Some observers have noted Trump’s Jekyll-and-Hyde personality, his unconscious splitting, his black-and-white view of the world. For him everything and everyone is either good or bad; there are no shades of gray, nothing and no one can be both good and bad. This is part of his unconscious splitting of both his internal self and external reality. He sees himself as all-good and his opponents as all-bad. The all-white can also become all-black. At first he praised his predecessor, Barack Obama, for having treated him very gracefully during the transition-of-power period; later he repeatedly denounced Obama, one of the best presidents the United States had ever had, for having “destroyed America” with his “misguided policies.”
All of the southwestern U.S. had been part of Mexico, conquered by the U.S. during the Mexican-American War of 1846-1848. During his presidential campaign, Trump traveled to Mexico to meet its president, Enrique Peña Nieto, and was friendly to him; the following day, back in the U.S., Trump viciously attacked the “illegal and criminal Mexican immigrants.” Needles to say, Peña Nieto felt that he had been manipulated and humiliated. The Australian journalist Paul McGeough noted Trump’s “Jekyll-and-Hyde performance” on the Mexican issue but did not see that this was the crucial aspect of his character and politics. A few days after Trump’s inauguration he announced again that he would build his two-thousand-mile-long “wall” between the U.S. and Mexico and that Mexico would pay for it; Peña Nieto, who is twenty years Trump’s junior, promptly denied this statement and canceled his scheduled meeting with Trump. Unable to endure this public humiliation, Trump announced that this had been a joint decision and that since Mexico could not “treat the U.S. with respect” their meeting would have been fruitless. (see http://www.smh.com.au/world/us-election/different-messages-to-different-audiences-donald-trump-on-immigration-in-mexico-and-arizona-20160901-gr68l1.html for McGeough’s article and http://edition.cnn.com/2017/01/25/politics/mexico-president-donald-trump-enrique-pena-nieto-border-wall/index.html for the cancellation of Peña Nieto’s visit).
After hearing so much in early 2016 about Donald Trump’s misogyny, his rudeness to women, his bad marriages and divorces, his crudeness to beauty queens, his abuse of Former Miss Universe Alicia Machado, and his sexual assaults on beautiful women, there was a big surprise. In March, at a Trump election rally in Wisconsin, a sick woman got up to publicly thank Trump for his generosity to her. She was the terminally-ill former Miss Wisconsin, Melissa Young, who said, “You’ve saved me in so many ways. In recent years I’ve been struggling with an incurable illness and I’m on home care now and it was caused by a doctor’s medical negligence. In those dark days fighting — right now all the tubes have been removed and I have a ‘do not resuscitate’ order and I have a seven year old son — those days in the hospital, I received from you a handwritten letter that says ‘to the bravest woman I know.’ […] It lifted my spirits. He continued to do that, to reach out to check on me, to check on my son to see how he was doing.” In October 2016, at the height of the U.S. presidential race, the dying Melissa Young again told reporters that Mr. Trump was the most generous person upon the face of this earth, that he had helped her in her darkest hour, and that she would love, praise and support him “until her last breath.” She added that this was the only Donald Trump she knew, and that she had never experienced any of the abuse that he had reportedly heaped on other women. (see http://edition.cnn.com/2016/09/30/politics/former-miss-wisconsin-trump-darkest-hour-newsroom-costello-intv/).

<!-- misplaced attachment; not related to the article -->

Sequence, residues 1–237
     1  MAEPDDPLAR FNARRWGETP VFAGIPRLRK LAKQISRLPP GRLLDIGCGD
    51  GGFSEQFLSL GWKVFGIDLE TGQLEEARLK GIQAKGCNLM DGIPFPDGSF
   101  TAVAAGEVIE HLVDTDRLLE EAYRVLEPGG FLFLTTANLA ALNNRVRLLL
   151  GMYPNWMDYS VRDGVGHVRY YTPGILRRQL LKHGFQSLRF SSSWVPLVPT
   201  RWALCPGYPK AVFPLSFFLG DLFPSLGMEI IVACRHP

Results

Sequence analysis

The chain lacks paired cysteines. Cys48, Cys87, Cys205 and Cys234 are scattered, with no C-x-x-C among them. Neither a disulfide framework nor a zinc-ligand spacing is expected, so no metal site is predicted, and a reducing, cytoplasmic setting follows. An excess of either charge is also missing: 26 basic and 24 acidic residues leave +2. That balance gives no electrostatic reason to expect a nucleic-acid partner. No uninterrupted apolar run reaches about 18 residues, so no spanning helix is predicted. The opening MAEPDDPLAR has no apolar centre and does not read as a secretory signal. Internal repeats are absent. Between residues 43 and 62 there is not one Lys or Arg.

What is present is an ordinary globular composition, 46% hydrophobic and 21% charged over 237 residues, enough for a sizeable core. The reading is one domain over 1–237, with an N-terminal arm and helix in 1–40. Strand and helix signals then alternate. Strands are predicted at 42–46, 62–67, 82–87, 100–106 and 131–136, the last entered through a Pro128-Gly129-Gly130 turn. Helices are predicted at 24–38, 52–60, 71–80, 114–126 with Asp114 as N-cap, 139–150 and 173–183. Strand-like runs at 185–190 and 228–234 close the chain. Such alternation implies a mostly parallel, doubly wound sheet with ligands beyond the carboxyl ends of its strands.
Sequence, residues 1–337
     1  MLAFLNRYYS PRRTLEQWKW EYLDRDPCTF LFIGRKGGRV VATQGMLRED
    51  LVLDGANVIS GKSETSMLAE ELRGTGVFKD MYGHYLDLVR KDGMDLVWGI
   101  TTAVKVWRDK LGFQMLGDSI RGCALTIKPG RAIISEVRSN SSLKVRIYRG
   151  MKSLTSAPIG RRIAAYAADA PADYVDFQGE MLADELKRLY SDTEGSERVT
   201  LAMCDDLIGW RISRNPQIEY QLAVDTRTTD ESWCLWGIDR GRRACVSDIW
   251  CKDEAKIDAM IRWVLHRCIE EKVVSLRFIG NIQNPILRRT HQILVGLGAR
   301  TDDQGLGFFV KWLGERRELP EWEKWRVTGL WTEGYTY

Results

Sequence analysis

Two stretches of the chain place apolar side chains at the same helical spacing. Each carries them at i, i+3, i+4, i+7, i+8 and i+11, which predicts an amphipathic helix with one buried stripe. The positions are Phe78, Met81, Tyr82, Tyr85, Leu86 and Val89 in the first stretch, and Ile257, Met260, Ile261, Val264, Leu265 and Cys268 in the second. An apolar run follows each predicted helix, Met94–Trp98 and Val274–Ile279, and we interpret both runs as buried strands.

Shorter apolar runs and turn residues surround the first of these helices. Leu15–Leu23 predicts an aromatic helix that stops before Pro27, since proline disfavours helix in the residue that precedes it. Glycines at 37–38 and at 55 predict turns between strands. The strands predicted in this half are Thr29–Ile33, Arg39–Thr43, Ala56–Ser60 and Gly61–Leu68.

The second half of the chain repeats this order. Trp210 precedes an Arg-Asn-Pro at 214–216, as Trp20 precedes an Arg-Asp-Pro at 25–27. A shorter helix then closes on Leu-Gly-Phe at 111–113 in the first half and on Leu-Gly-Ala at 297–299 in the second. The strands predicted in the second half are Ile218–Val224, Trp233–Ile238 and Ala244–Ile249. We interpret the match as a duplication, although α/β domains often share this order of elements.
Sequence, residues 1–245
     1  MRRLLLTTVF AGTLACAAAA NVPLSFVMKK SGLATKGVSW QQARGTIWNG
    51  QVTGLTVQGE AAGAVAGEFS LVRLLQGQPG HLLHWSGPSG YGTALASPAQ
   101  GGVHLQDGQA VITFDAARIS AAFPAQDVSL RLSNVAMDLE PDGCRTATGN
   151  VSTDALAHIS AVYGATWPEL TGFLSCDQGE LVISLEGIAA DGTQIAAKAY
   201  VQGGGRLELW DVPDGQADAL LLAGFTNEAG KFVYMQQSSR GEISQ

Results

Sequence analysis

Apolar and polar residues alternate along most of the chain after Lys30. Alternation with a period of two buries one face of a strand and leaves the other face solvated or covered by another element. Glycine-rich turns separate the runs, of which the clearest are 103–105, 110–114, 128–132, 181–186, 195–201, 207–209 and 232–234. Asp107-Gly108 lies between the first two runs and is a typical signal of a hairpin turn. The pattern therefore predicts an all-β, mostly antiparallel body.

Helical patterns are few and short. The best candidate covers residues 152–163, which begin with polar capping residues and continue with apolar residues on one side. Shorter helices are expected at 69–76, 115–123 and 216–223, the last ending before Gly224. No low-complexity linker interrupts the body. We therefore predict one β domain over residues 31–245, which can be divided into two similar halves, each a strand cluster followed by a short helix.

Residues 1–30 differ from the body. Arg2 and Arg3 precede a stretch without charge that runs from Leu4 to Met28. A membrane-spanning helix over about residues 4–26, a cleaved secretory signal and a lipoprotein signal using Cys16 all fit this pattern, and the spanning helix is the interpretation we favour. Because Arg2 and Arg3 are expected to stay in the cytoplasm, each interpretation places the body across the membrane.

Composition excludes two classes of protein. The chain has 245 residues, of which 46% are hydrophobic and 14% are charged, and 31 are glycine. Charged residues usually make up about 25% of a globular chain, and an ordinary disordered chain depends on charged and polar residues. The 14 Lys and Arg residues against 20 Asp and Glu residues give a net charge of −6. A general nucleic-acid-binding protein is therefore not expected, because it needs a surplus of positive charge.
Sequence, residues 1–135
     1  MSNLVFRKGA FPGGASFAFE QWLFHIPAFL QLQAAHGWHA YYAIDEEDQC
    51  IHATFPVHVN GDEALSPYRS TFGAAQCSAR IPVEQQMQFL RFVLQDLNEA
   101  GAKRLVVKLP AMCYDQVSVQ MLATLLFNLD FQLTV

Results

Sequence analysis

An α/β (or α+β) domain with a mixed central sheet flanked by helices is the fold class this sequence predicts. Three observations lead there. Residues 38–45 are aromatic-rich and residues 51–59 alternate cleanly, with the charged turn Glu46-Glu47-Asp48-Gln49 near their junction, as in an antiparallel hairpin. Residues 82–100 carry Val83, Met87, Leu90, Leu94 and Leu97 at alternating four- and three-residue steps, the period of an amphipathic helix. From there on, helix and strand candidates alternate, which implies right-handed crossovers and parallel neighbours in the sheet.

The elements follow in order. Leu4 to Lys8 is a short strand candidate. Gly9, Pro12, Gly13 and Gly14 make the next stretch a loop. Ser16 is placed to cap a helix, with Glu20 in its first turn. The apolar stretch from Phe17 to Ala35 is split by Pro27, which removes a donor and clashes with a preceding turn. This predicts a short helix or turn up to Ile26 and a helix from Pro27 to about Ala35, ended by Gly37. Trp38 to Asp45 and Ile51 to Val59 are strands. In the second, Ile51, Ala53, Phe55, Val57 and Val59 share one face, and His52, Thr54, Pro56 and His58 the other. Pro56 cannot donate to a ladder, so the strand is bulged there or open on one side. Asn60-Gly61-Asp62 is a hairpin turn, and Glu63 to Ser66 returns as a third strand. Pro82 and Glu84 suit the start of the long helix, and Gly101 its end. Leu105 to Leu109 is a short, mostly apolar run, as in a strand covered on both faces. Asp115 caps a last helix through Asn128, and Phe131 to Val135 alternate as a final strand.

Another woman who trumpeted Donald Trump’s virtues in the past is the First Lady of the United States, his Slovenian-born third wife, Melania Trump. She had been born Melanija Knavs; after immigrating to the U.S. she had anglicized her name to Melania Knauss. In 2004, in one of her first appearances on Trump’s “reality” television show The Apprentice, the future Mrs. Trump “committed the cardinal sin of upstaging her future husband.” Donald Trump and Melania Knauss had been together for four years; despite her “cardinal sin,” they became engaged to be married two weeks after the episode, and were married the following year. Trump believed that he had finally found the right mate. “She’s shown she can be the woman behind me,” he later told the gossip columnist Cindy Adams. “We’re together five years, and these five years for whatever reasons have been my most successful. I have to imagine she had something to do with that.” (see https://www.washingtonpost.com/lifestyle/magazine/the-mystery-that-is-melania-trump/2016/08/16/d4f10136-527c-11e6-b7de-dfe509430c39_story.html?utm_term=.e18706fa197a).
During the U.S. presidential race of 2016, Melania went all out to defend, protect and promote her husband. She told the senior CNN reporter and anchorman Anderson Cooper that “the Donald she knew” was loving, generous, and kind, and that he would never do anything of the things he bragged about to Billy Bush, who had “egged him on into boy talk.” It takes a good deal of unconscious denial for a wife not to recognize in her husband what is plain for the whole world to see — unless Melania’s private Donald is very different from the public Donald Trump whom we all know. (see http://edition.cnn.com/2016/10/17/politics/melania-trump-interview/index.html).